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Congress Approves Bipartisan Sexual Harassment Bill


A bipartisan bill intended to address the issue of sexual harassment on Capitol Hill is headed to President Donald Trump's desk after being unanimously approved by both the House and Senate.

The legislation was sponsored by Reps. Jackie Speier, D-Calif., and Bradley Byrne, R-Ala., in the House and Sens. Amy Klobuchar, D-Minn., and Roy Blunt, R-Mo., in the Senate.

A joint statement from Klobuchar and Blunt said the bill would reform the dispute resolution process, protect workers, increase transparency and hold Members of Congress accountable.

"For too long, victims of sexual harassment in Congress have been forced into a process that lacks transparency and accountability, and fails them at a time when they need the most support," Klobuchar said in a statement on Wednesday.

Klobuchar claimed the bipartisan, bicameral legislation will "overhaul this broken process, ensure victims can immediately seek justice, and hold Members of Congress accountable."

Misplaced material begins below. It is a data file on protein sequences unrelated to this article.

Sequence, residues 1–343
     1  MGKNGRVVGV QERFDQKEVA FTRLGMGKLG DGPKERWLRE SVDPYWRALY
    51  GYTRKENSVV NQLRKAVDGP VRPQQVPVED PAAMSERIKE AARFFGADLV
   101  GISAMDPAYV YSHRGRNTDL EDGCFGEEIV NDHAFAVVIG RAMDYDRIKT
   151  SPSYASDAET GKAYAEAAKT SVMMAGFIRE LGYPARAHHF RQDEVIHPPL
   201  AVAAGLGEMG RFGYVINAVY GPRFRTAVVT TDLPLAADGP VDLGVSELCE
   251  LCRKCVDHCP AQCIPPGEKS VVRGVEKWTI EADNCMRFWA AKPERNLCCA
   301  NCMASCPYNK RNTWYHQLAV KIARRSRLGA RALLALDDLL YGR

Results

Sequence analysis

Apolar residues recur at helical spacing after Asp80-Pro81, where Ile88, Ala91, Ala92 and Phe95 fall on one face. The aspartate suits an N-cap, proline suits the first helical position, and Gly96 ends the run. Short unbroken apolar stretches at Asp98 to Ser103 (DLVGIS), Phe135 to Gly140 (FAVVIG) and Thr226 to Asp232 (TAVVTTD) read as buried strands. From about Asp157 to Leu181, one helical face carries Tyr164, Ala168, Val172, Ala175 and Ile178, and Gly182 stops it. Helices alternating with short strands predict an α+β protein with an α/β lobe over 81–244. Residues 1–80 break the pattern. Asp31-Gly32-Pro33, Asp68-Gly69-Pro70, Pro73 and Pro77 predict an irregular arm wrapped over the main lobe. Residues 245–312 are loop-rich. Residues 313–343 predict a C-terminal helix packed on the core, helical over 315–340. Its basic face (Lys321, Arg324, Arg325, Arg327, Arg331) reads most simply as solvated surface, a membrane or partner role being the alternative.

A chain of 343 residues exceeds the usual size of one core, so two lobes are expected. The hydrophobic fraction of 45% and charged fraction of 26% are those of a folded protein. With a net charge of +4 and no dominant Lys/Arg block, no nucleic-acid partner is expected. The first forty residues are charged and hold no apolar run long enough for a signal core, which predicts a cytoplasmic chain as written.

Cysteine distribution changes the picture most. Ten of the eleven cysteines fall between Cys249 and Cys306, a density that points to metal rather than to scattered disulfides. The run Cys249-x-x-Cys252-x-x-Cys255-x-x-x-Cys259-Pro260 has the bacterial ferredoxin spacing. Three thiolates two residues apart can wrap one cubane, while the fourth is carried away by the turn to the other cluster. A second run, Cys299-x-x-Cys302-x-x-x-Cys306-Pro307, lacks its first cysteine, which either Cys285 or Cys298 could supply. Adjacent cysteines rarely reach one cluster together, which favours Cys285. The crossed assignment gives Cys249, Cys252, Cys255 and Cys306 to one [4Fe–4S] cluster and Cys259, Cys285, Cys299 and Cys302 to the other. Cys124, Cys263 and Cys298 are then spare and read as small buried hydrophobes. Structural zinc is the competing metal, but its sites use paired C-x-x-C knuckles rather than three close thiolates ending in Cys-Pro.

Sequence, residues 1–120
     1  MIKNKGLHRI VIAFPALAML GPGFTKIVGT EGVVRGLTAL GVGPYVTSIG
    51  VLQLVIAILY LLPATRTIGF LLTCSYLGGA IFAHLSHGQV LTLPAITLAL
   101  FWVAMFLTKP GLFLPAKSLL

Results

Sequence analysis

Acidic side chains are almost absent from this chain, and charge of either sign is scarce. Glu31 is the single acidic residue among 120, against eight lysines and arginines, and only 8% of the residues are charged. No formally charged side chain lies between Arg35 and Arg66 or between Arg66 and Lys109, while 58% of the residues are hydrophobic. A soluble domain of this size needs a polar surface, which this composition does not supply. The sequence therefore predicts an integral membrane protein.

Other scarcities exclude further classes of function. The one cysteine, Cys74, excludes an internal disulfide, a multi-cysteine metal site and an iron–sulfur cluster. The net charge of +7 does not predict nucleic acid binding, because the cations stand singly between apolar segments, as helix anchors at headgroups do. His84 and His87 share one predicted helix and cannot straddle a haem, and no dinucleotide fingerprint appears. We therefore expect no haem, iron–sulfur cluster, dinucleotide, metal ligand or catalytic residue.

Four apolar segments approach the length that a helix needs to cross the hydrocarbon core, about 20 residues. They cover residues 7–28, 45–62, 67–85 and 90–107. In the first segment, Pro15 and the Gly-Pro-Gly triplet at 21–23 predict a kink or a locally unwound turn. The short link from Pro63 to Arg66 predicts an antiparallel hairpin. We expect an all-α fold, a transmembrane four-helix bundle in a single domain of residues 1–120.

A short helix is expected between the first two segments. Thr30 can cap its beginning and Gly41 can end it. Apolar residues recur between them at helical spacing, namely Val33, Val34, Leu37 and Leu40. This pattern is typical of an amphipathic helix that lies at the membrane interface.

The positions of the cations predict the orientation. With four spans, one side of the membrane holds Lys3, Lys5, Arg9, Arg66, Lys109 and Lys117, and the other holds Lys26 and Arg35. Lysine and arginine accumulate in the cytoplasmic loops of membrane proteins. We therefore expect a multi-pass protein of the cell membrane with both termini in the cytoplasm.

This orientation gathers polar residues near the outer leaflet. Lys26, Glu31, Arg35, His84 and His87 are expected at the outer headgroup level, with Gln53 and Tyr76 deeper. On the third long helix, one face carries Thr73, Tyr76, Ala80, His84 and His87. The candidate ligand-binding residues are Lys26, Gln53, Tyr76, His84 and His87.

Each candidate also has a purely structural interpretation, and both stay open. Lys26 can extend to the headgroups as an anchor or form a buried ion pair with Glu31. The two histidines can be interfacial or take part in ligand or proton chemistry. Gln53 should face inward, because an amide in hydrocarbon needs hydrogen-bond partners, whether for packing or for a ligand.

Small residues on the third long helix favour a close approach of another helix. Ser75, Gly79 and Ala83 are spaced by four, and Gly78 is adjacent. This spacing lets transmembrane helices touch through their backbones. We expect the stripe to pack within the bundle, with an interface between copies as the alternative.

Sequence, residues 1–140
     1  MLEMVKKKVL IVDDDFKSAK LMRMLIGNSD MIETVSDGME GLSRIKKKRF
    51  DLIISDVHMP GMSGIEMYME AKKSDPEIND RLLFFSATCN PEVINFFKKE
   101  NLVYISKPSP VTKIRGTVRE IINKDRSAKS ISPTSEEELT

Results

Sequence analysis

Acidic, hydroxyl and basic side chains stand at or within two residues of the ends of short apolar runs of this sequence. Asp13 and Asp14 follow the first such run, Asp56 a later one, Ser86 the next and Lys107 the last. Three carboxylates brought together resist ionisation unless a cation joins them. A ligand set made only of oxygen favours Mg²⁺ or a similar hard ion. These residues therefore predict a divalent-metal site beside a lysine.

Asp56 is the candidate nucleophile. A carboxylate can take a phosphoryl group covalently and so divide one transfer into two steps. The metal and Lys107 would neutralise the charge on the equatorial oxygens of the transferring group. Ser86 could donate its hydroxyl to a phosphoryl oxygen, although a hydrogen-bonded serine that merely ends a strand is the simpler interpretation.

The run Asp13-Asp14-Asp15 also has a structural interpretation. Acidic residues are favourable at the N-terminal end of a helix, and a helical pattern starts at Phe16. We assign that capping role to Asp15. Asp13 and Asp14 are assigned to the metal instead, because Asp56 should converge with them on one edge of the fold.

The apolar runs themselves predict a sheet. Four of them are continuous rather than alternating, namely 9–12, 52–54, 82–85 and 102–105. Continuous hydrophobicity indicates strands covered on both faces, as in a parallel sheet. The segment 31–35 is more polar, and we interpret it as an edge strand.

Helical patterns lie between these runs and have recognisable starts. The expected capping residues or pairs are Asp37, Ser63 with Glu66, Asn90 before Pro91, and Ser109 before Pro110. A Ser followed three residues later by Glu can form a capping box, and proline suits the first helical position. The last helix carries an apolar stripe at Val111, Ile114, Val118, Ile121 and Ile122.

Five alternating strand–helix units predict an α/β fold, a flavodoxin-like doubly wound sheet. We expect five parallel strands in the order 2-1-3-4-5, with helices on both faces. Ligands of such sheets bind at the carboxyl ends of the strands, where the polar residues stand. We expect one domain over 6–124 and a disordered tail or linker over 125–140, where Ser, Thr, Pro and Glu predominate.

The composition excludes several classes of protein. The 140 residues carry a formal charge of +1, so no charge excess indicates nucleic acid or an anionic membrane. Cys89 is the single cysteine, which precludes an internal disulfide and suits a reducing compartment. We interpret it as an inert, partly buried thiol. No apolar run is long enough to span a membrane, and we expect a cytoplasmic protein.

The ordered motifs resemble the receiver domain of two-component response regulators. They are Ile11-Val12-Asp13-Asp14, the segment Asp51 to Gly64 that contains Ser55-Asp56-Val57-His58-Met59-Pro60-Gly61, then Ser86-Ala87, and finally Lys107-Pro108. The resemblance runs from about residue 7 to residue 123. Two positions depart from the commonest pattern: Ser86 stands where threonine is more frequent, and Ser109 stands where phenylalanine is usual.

Provisions of the bill include holding members of Congress personally liable by requiring them to reimburse the Treasury for awards and settlements stemming from acts of harassment they personally commit.

The bill would also eliminate the required 30-day "counseling" period, the required 30-day mediation phase, and the 30-day "cooling off" period and allow victims to immediately pursue an administrative hearing or file a civil action.

Several lawmakers were accused of harassment as part of the so-called #MeToo movement, although it took the House and Senate several months to negotiate a compromise between their different proposals.

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